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Falling in line with greatness: Fellow O-linemen relish their bond with Joe Thomas

The group texts started because of football, but it’s moved well down the list of topics for discussion.

Recipes, restaurants, travel, family and hunting are among the most popular talking points for the fomer Browns offensive linemen.

“We had a great time, even if we didn’t win as much as we (wanted), but we played a lot of good ball and we had a great time and a lot of good friendships and they’re just great people,” Alex Mack, who played center in Cleveland from 2009-15, recently told The Chronicle-Telegram by phone. “So it’s just fun to keep those connections alive.”

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Joe Thomas relishes the “super special” bond he developed with his fellow linemen throughout his 11-year career as left tackle for the Browns. The relationships remain strong, cultivated by text conversations ranging from funny to serious, mundane to important.

“We just talk life really,” he told The Chronicle.

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The fellas hope to have something exciting to chat about tonight, as Thomas is expected to be announced as a member of the Pro Football Hall of Fame Class of 2023. In his first year of eligibility, the 10-time Pro Bowler and six-time All-Pro is one of 15 finalists.

“It’s so awesome. I’m just happy that I was able to say that I played with him and was on those lines and got to see greatness,” said guard John Greco, who played with Thomas from 2011-16.

Interviews with Thomas and four linemates revealed a deep admiration for Thomas, as well as an intensity often overshadowed by his affable personality.

“You’re around each other all day every day, in the offseason you’re talking, you’re traveling together,” Greco said. “There’s so many big life events that are happening in a small snapshot of your life and you share those things.”

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While Thomas was an institution, playing a believed-to-be-unprecedented 10,363 consecutive snaps, the rest of the line was shuffled multiple times. Thomas keeps in touch with many of the linemen but mentioned Mack, Greco, right tackle Mitchell Schwartz (2012-15 with the Browns) and left guard Joel Bitonio, who was drafted in 2014 and still plays, as his closest friends among the group.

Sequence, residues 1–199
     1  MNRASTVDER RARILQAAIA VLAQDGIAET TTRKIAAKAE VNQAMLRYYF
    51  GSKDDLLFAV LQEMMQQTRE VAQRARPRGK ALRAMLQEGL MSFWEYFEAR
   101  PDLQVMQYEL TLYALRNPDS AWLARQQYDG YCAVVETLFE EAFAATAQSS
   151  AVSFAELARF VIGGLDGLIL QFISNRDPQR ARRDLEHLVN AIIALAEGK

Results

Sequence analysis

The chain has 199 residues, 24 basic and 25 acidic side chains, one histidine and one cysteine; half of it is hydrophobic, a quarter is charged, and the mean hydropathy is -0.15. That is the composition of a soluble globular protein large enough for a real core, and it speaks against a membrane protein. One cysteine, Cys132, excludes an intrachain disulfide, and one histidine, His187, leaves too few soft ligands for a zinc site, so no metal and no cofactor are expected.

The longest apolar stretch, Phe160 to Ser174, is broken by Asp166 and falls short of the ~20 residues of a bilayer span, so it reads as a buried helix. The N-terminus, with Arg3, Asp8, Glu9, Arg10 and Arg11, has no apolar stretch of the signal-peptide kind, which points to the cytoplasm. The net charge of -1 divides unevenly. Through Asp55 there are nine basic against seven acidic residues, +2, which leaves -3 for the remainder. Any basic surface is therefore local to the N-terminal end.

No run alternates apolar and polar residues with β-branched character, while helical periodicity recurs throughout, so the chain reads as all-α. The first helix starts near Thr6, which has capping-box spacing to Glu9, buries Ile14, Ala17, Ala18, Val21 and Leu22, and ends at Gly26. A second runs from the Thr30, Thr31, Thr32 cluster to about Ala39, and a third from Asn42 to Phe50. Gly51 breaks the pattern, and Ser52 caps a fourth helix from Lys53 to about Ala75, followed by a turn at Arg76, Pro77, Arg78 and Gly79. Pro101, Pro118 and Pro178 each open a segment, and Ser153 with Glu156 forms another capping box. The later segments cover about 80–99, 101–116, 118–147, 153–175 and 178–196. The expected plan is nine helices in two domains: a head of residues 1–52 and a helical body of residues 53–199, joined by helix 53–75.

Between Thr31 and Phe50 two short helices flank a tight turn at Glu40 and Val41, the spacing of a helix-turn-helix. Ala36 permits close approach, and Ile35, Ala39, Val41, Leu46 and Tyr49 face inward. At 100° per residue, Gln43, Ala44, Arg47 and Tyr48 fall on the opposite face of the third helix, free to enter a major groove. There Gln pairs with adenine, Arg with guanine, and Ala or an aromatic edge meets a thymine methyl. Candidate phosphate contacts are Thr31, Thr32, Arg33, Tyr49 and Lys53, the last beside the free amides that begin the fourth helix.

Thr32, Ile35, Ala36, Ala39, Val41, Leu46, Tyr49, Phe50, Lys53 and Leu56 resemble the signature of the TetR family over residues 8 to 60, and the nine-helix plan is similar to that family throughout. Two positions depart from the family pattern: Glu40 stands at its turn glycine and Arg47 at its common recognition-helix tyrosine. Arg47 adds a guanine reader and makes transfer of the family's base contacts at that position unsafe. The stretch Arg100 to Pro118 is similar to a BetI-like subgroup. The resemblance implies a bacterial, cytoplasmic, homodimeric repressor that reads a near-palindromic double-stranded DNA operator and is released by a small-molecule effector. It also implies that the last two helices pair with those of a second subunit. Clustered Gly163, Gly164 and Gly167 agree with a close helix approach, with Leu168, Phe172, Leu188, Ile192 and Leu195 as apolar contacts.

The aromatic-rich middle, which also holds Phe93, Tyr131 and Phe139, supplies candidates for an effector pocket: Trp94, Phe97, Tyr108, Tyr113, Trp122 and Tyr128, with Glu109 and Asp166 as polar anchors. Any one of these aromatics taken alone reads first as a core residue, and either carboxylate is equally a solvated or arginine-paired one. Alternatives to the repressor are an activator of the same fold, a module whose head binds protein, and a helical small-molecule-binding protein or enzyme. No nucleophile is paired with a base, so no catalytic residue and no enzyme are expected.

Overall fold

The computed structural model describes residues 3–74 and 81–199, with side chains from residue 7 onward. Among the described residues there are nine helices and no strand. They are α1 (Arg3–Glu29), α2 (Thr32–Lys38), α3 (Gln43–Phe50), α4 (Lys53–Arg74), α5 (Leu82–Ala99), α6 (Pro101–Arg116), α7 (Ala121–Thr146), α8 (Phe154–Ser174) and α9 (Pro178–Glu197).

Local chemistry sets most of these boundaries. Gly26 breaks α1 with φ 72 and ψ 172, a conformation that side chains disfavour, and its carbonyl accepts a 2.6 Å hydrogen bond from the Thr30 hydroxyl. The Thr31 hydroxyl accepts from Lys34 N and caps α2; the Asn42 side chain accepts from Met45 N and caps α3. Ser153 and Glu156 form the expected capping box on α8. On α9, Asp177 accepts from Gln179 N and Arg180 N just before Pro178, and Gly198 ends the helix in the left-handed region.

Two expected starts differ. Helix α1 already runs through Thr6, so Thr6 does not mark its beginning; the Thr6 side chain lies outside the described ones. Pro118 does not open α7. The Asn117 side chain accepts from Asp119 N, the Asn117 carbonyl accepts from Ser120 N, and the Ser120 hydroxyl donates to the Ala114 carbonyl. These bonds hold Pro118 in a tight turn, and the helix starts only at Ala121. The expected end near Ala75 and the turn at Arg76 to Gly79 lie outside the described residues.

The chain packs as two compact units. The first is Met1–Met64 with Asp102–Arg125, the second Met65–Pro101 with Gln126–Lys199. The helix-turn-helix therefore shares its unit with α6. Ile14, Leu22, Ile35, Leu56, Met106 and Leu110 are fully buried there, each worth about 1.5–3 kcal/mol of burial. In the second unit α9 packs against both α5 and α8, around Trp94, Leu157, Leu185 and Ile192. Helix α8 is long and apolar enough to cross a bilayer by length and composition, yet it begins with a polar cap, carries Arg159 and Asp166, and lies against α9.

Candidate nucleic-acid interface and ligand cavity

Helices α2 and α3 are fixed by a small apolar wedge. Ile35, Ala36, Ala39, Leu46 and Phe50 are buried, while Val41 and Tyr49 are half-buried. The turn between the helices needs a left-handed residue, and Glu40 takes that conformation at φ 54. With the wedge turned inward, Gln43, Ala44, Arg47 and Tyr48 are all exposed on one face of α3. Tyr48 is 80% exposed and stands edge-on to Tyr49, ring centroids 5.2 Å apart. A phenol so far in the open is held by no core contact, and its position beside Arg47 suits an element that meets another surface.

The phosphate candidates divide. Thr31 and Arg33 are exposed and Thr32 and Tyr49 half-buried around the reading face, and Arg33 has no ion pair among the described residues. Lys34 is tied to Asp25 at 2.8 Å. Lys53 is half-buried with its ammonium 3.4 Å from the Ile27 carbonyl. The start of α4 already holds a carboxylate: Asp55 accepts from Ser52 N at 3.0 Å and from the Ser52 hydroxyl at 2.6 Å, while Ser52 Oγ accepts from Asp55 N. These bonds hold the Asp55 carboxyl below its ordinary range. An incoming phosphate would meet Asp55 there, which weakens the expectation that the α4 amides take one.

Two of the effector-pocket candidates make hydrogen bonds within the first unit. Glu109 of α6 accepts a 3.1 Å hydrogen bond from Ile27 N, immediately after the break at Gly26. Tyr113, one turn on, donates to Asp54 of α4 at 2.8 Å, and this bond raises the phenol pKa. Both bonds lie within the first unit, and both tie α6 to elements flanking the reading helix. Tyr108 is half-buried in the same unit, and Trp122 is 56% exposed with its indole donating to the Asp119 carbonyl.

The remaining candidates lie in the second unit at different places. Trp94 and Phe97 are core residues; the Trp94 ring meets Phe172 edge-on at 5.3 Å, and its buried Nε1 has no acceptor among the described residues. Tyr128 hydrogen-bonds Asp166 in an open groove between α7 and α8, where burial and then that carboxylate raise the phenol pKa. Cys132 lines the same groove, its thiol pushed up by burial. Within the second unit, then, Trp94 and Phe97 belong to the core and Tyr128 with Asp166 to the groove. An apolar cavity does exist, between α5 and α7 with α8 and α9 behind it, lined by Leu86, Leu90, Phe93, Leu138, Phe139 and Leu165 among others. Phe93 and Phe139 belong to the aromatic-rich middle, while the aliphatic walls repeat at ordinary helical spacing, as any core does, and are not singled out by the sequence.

“He is pretty charismatic so guys kind of are attracted to that with him, that he’s well-spoken, good guy, funny, and he’s a great player, so all that kind of creates that bond with him on the field,” Bitonio said Tuesday after his fifth straight Pro Bowl appearance.

“When you’re gonna have dinner with him or be out with him or go on a trip, you know you’re gonna have fun,” Greco said.

Thomas and Greco spent six seasons together without a winning record. The losing may have strengthened the bond.

“It sucked because we didn’t win a lot of games, but if you talked to anybody that was on that line and played during that time, everyone will tell you the same thing. We still managed to have fun and we kind of were playing a game within a game, and we wanted to be the best offensive line in the league regardless of what our record showed,” Greco said. “Joe set the tone and it was like, hey, listen, this is the standard and you either meet it and try to exceed it or you’re gonna be left behind. And I found that out really quick.”

When asked for favorite Thomas stories, Greco, Mack and Bitonio told ones that conveyed his determination to excel.

Mack was a rookie in 2009, two years after Thomas was the No. 3 pick, and complained about the coach harping on his poor hand placement.